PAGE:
According to those familiar with the details of the negotiations, the Palestinians need some time before the PA can create a new climate on the ground, to prove itself more and more on the Palestinian scene, and to rob Israel of the pretext of "security" whenever something is asked of it. It's a big challenge. Israel has spared no effort to limit the PA's efforts to the security arena, which is what it is demanding. Supporters of Israel constantly try to destroy the PA, its status and capacities. The Palestinian government's response has been to strengthen itself on the ground and boost its international achievements, working to find a way out of isolation and marginalization. It's aware that the conditions aren't ripe for a settlement that requires compromises. As one leading figure put it, "the Palestinians don't have anything to give up." Thus, a settlement isn't suitable in the next few months, "and there's not enough time to get what we want." Therefore, logic dictates strengthening the PA's rule by perseverance while securing Arab and international protection from sabotage.
This sabotage speaks with a Persian tongue these days, while the gateway might not necessarily be Iran alone. There has been a sorting-out in the Iranian relationship with Syria, Palestinian organizations like Hamas, which is led by Ramadan Shallah, and the Popular Front for the Liberation of Palestine-General Command, led by Ahmad Jibril. This shift comes after Iran's "anger" at Syria because it attended the Annapolis Conference, while leaders of Palestinian organizations in Damascus did not accept an official Iranian invitation to meet with President Mahmoud Ahmadinejad in Tehran, to coincide with the Annapolis Conference, and announce a counter-declaration, with the attendance of 10 Palestinian organizations. According to what sources told al-Hayat's correspondent in Damascus, the positions by the Palestinian organizations, came despite "considerable pressure exerted on and temptations offered to the leaders of the organizations," before the Iranian Embassy in Damascus was informed of the invitees' desire to "postpone" the visit to another time.
According to published information, Iranian Foreign Minister Manoucher Mottaki made the offer to host the meeting after Damascus decided to postpone an anti-Annapolis Conference meeting two days earlier; this conference would have convened to reject and condemn the Annapolis gathering.
The Iranian president wasn't the only "hero" to demolish the PA and its Arab and US partnership; competing with him was Iran's supreme leader, Ayatollah Ali Khamenei. The advisor of Khamenei, Hussein Shariatmadari, said he considered the eight Palestinian organizations with headquarters in Damascus, along with Hamas and Islamic Jihad, make up "the true representatives of the Palestinian people," totally marginalizing the PA and the independence of Palestinian decision-making. The Iranian relationship with these groups passes through the relationship between Iran and Syria, with the possible exception for Hamas and Islamic Jihad, as a true, radical rupture in the Syrian-Iranian relationship has taken place. This isn't clear as yet, however.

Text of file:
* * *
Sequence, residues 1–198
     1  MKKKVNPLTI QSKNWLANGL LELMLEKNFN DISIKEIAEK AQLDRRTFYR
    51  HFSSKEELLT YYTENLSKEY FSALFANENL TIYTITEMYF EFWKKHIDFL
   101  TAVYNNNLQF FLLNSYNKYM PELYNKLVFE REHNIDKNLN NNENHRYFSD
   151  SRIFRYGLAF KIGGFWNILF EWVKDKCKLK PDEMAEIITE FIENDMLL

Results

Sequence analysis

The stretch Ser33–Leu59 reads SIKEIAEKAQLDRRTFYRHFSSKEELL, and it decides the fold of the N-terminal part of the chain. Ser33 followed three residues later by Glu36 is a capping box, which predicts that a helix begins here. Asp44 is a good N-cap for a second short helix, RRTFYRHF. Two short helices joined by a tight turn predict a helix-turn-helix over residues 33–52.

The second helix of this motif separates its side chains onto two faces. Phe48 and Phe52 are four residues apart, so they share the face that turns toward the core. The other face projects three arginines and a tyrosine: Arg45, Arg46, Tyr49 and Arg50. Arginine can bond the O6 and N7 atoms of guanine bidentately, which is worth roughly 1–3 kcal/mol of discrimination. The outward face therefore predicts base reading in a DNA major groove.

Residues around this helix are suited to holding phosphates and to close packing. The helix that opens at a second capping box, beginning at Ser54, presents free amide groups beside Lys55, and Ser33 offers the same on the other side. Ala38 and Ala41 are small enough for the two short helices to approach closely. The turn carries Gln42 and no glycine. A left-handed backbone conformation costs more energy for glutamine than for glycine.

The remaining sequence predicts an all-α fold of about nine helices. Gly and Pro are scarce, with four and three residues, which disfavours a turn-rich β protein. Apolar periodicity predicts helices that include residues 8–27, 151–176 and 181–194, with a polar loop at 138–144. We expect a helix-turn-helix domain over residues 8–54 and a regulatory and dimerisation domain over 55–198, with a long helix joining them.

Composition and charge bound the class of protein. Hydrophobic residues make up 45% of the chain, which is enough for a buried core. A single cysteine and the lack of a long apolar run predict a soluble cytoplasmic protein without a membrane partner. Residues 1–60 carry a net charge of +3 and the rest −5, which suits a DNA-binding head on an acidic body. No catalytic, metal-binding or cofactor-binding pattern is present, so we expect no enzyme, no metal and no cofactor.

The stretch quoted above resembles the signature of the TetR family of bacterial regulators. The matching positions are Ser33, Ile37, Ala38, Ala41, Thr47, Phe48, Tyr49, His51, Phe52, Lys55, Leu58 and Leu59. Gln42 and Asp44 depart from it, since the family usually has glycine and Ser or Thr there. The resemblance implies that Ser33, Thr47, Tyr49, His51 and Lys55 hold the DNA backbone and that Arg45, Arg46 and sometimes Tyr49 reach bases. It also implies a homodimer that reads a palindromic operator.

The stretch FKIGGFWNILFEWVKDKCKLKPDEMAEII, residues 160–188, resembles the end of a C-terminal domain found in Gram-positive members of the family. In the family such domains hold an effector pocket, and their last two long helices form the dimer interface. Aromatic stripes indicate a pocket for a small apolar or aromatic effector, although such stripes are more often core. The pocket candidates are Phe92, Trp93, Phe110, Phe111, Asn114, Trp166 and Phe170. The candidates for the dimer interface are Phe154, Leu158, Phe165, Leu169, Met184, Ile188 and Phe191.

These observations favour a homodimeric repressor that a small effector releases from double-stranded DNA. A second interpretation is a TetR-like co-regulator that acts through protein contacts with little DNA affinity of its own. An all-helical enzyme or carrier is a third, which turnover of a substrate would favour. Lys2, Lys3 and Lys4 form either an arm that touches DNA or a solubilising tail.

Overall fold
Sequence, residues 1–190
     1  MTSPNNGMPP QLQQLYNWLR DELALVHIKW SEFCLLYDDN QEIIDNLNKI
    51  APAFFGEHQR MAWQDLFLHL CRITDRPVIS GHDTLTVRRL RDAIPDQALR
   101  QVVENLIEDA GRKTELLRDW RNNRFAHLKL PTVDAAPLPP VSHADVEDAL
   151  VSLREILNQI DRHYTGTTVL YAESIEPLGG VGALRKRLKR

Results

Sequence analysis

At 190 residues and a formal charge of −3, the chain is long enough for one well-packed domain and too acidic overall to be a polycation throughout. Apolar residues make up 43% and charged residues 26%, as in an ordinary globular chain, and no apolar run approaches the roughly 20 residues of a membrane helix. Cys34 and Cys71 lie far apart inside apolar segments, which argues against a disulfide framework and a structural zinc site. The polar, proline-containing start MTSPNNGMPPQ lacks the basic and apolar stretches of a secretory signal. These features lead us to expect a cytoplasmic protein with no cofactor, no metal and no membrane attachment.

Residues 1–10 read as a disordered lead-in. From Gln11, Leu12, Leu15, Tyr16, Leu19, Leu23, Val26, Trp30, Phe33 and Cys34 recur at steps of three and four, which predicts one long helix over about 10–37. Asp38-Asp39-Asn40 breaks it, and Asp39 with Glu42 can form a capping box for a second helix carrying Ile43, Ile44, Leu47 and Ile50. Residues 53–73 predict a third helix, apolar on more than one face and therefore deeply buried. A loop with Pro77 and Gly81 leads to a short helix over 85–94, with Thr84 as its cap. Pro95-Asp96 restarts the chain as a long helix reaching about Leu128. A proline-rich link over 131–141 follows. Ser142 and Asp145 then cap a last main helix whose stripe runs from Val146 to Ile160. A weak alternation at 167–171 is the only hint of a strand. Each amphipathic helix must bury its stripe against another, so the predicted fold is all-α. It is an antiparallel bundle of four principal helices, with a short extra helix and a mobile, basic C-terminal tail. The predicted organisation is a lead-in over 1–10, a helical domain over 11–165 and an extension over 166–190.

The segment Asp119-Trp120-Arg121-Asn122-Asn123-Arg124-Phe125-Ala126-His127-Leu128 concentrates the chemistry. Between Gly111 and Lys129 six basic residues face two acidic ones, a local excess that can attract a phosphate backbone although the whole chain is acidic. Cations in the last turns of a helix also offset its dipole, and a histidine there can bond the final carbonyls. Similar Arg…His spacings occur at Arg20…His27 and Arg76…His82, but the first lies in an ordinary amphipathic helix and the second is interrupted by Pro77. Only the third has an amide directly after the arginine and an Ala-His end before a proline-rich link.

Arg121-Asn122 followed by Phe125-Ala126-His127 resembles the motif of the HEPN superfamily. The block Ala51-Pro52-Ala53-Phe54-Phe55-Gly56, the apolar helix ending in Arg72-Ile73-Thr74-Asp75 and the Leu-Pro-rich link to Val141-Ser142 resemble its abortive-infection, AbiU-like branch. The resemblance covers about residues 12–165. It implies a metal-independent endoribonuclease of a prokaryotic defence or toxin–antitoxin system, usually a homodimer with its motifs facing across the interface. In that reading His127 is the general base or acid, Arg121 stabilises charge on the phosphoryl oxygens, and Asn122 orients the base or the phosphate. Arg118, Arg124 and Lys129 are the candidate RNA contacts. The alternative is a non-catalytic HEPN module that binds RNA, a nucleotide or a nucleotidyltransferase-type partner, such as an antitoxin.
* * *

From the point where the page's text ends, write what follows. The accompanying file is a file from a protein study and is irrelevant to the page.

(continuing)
The Israelis say, and according to Israeli President Shimon Peres, that there are "many messages and contacts" between Israel and Syria, and that Khaled Meshaal's efforts in Damascus are an obstacle to a re-opening of negotiations between the two countries. Peres welcomed Syria's participation in the Annapolis Conference and said he believed the reason for the significant Arab participation to be the threat posed by Iran in the region. Iran, in its turn, considered Arab participation at Annapolis to be directed against it and thus permitted a demonstration in front of the Jordanian Embassy in Tehran against Annapolis and those who took part in it. Perhaps what sparked Iran's anger against Jordan was the background of Annapolis combined with the visit by King Abdullah II to Damascus, a visit that helped convince Syria to attend.
Monitoring developments in the Syrian-Iranian relationship in the coming days and weeks is necessary and important in order to anticipate what will happen to Iran, Lebanon, Palestine and Iraq. If it's true that Israel has succeeded in "splitting" Syria from Iran, with US-Israeli guarantees to the regime in Damascus, as part of preparations for a US strike against Iran's infrastructure, the question is immediately posed: what will Lebanon's Hizbullah do, faced with this development between its Iranian ally and Syrian partner? Does an understanding such as this mean that all of the players have decided to offer Lebanon as a sacrifice for a regional-international deal? Or is the formula simply: either a military strike against both Syria and Iran, or separate Damascus from Tehran with guarantees of regime survival?
Until now, these scenarios and the resulting questions deserve to be raised. Those involved in the Arab diplomatic process with Syria deny that Lebanon has been sacrificed; they affirm that there is an adherence to its independence and the international court for the Hariri assassination. This is encouraging. What the current phase now requires, and immediately, is an overt stance by the US president vis-à-vis Lebanon and a return to the active American role there, giving it priority right away.